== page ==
When Alabama and Clemson face off in the college football national championship, plenty of Christians will be in the stands or watching their TV. But plenty of Christians will also be on the field playing and coaching for the Crimson Tide and Tigers.
Here are some of their stories.
Despite being a big-time college football player headed to the NFL, Miguel Chavis was on a path to destruction. Self-centered and vile. Hedonistic and drunk. A tough brute who partied hard and pursued every fleeting pleasure he could think of.
You name it, and Chavis, during his early years as a defensive tackle at Clemson, was probably guilty of it.
“I was living in the flesh for 3 1/2 years and was sexually immoral and addicted to pornography, and was really just captured and captivated and enslaved by people’s opinions of me,” said Chavis, now the defensive player development coach at Clemson.
But then God intervened in Chavis’ life, radically transforming the young man into something new and something good. He is proof that God can find what’s lost and fix what’s broken.
“He lights up a room when he comes in, just an energetic kind of guy,” said Jeremy Chasteen, the college and missions pastor at Crosspoint Church in Clemson, S.C. “Big old dude. He’s one of those guys you see and say, ‘Man, if he could come to faith in Christ, he’s going to have a big impact on people.'”
The new Chavis is doing exactly that. Heavily involved at Crosspoint Church where he came to faith, Chavis leads a college Bible study in his home and is working on a master of divinity degree at Southern Baptist Theological Seminary.
Alabama running back Josh Jacobs and three other Crimson Tide football players provided a pleasant surprise for a 13-year-old boy while delivering a mattress and bed to a Tuscaloosa home in partnership with Calvary Baptist Church’s S.D. Allen Ministry.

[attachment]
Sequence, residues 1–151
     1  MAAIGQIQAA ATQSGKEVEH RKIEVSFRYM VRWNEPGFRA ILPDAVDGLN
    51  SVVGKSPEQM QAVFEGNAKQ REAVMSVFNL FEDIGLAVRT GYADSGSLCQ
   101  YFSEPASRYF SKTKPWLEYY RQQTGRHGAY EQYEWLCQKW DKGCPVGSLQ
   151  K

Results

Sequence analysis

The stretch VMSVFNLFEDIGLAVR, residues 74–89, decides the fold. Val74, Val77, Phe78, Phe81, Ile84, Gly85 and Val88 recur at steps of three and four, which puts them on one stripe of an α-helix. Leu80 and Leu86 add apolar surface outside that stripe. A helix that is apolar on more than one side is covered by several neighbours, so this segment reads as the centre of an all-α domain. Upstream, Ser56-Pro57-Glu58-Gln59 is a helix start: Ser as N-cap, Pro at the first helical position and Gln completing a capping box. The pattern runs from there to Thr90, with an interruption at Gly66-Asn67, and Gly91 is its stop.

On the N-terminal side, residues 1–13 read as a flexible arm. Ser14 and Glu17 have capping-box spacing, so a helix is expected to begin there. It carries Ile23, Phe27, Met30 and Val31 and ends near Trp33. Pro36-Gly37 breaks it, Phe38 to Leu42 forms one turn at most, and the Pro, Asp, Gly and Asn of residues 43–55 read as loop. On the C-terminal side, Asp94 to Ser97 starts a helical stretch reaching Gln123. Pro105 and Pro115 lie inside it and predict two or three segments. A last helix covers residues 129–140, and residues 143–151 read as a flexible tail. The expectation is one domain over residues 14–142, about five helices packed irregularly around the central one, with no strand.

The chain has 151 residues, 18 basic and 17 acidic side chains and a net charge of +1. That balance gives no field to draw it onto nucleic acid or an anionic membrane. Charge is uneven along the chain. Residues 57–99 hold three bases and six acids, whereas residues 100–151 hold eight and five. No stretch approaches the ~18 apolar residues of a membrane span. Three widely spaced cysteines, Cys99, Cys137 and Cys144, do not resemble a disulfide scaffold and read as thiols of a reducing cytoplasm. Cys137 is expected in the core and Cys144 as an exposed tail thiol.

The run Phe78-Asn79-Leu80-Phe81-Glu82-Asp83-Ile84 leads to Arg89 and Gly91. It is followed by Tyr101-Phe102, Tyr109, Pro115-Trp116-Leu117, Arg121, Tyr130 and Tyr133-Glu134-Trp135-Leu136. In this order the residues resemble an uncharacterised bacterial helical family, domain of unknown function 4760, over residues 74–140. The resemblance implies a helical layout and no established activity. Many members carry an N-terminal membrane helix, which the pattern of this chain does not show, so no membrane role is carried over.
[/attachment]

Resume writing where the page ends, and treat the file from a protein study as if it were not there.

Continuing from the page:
Jacobs walked into the house, and the boy who lived there looked him up and down.
“Are you Josh Jacobs?” the boy asked.
Jeff Hurn, director of the S.D. Allen Ministry, noted it “was such a cool thing that somebody that these kids essentially look up to as role models, it’s something special to see them realize that those guys are real people who care as well.”
Jacobs, Hale Hentges, Miller Forristall, and Keaton Anderson, all from the Alabama football team, helped Hurn last month deliver the 1,000th bed the ministry has provided to Tuscaloosa-area residents who can’t afford such luxuries.
In a profile for Saturday Down South, Tua Tagovailoa describes how he kept calm coming into the 2018 national championship game and leading Alabama to victory.
Down 13 [points], Alabama head coach Nick Saban looked for number 13. And when his number was called, somewhere in the catacombs of Mercedes-Benz Stadium, Tua thanked God for the opportunity and said a quick prayer. “All my anxiety and all my nerves calmed down,” Tua said in the AL.com video. “Nothing was too big for me. I think I was more focused on praying than anything else in the game.”
As the game unfolded and Alabama mounted a comeback for the ages, Tua continued to pray. “Every time, before series, during series, after series, the biggest thing that helped me was my faith,” Tua said. “Praying through series kept me calm.”
When Trevor Lawrence won the starting job as a true freshman at Clemson this season, he said his faith is what always helps him keep things in perspective.
“Football is important to me, obviously, but it’s not my life. It’s not the biggest thing in my life—my faith is,” Lawrence said. “No matter how big the situation is, it’s not going to define me.”
He said he doesn’t worry about what people think of him or his game. “I put my identity in what Christ says, who He thinks I am and who I know that He says I am.”
What other faith angles are you watching for in the game tonight?